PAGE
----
The timing of the hockey and teacher strikes couldn’t be better. I argue that they are causing a re-examination of what is important. And hopefully parents will conclude that their families are a priority.
This fall has been eventful. First we entered September with the hockey strike. Fans were outraged. How dare these rich people take away the national pasttime and obsession. Disgruntled fans protest the petty arguments that the players and League have over mere millions of dollars. Hockey fans shout their disgust at how these rich people are dismissing them.
This is a supply and demand game, my dear hockey fans. You patronize the players and owners with your money. They get rich because you are supplying the demand to see the games. You pay hundreds of dollars for tickets and spend screen time to watch the games. In so doing, hockey is your escape from daily reality. It numbs your brain. To paraphrase an old saying; hockey is the opiate of the Canadian masses.
The second event this fall was the Ontario teachers work action. They decided to withdraw from extracurricular activity including teams, clubs, meet the teacher nights. In a way, I support them. Extra curricular activities are not part of their negotiated contract. It is a creeping commitment for teachers to participate in these activities.
The whole educational system is from a bygone era. The summer holiday structure was for a time when kids were needed on the farm. In Northern aboriginal communities, school closes during goose hunting season. Canada is now mostly urban and the way education is handled needs revision. This would mean an evaluation of what we really expect from teachers as an educational deliverable.
For now, we’ve shoehorned teachers into being a babysitting service for kids. The rolling out of Junior Kindergarten was really a ploy for a provincial daycare program using an existing infrastructure. Extra curricular activities are tax paid after-school programs.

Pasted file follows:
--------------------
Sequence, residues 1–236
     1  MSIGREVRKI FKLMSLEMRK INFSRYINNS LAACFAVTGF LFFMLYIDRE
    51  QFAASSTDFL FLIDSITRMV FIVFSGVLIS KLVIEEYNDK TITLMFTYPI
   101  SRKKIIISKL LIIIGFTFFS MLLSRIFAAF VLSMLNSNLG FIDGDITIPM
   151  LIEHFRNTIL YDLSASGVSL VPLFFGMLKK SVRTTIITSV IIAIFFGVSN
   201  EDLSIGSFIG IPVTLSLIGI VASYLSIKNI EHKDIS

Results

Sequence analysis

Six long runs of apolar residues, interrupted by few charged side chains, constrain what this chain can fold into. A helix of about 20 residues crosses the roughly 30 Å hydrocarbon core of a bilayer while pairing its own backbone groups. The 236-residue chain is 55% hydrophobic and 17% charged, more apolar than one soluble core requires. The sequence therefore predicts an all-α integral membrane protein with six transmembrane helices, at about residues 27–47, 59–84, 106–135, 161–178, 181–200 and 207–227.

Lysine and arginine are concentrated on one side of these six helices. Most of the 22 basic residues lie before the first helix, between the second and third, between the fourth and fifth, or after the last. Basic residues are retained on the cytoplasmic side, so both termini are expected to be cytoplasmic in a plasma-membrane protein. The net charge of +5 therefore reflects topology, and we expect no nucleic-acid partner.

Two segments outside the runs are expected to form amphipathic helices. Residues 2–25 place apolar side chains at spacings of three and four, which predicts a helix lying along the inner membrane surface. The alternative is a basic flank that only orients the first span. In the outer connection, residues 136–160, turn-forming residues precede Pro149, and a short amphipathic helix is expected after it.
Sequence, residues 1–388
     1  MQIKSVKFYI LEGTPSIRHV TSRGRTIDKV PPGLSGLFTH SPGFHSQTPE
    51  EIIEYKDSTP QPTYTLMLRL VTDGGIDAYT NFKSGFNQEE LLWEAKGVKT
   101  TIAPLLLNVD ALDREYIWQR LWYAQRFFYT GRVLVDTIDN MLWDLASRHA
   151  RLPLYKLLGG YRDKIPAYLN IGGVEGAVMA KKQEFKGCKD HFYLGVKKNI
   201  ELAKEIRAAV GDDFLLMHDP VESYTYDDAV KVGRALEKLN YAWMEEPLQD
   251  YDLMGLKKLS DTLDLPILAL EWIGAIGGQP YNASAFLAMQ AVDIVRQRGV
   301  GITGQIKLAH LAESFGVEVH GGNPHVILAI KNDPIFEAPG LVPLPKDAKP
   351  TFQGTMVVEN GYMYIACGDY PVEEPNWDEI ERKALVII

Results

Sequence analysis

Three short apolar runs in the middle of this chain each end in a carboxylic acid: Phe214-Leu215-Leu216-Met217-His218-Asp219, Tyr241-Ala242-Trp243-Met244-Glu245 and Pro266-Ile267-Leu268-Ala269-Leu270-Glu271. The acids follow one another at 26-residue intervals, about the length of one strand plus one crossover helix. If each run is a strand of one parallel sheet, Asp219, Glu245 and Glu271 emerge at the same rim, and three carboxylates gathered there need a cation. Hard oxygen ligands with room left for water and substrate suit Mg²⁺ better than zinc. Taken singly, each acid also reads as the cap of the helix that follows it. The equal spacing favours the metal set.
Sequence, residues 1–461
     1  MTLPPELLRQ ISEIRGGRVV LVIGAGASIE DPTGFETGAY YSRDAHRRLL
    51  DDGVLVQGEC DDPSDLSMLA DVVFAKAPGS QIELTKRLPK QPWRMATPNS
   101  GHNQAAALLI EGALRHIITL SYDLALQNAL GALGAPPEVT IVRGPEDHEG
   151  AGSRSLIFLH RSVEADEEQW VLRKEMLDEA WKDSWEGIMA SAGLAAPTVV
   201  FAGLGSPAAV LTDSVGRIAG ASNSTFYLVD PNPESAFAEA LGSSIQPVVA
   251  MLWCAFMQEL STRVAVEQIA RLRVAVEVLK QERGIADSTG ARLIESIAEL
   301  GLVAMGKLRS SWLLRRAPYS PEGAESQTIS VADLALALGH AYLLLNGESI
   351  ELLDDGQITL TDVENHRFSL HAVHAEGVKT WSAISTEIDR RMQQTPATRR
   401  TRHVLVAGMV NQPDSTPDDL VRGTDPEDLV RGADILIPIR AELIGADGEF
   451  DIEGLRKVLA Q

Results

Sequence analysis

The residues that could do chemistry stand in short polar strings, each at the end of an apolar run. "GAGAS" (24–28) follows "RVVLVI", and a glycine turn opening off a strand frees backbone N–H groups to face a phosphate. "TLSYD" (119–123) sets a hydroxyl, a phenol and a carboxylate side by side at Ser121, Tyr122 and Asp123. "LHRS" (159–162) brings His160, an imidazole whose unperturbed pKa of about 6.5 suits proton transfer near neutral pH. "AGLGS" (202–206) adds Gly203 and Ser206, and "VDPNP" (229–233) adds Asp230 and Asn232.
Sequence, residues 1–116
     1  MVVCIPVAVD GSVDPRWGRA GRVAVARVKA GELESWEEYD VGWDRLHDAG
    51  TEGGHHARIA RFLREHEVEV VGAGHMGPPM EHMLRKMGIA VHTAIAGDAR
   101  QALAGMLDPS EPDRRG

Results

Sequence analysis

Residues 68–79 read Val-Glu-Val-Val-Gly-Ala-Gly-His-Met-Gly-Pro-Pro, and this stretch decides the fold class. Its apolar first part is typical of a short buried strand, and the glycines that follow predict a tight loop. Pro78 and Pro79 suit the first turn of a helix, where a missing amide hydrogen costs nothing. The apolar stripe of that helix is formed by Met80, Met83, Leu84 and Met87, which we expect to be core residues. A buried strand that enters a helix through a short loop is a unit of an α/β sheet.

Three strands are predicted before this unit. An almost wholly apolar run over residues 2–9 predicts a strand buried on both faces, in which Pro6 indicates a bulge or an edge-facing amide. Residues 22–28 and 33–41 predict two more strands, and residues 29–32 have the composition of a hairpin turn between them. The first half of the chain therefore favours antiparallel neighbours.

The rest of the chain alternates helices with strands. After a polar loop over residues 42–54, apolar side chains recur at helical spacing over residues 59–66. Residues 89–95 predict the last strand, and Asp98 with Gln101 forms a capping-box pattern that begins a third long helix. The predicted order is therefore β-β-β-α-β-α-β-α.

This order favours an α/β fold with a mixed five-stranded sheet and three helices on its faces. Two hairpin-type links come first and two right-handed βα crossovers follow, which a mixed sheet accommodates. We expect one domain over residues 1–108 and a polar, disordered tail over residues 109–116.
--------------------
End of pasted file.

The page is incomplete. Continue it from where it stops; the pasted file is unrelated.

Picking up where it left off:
The hockey strike and the teachers work actions are having an interesting effect. Left with no hockey, people have more time and money. Their minds are not all taken up with whose in what standings or getting to the next game. They are at home. The ceasing of the teacher babysitting service has the kids at home as well.
Does this mean there may be more family time – more time to involve yourself with your kids growth? Will this time together cause a reflection of what is important? We are seeing signs that a re-examination is at hand. School boards are slowing allowing parent volunteers to lead extra curricular activities!
My three kids love the performing arts. We raised them by getting involved in community musical theatre productions. I want to underline that these musicals were produced by community volunteers. Our family of three kids, my Sweetheart and I would be on stage as actors and work back-stage on sets, costumes and whatever else needed to be done.
We all went to rehearsal together. We spent a lot of time as a family being part of a greater community producing something wonderful – a musical. We talked, danced, sang and bonded. Today, we are proud of what our adult kids are becoming and I think they don’t mind if we’re around.
I lived the value of spending intense family time being and playing together. In our fast pace world, we may have lost a sense of experiencing life with our kids – all too busy playing dad-taxi dropping them off at activities and then secluding yourself watching a hockey game. The hockey and teacher strikes may help parents discover their kids more fully – strengthening the family.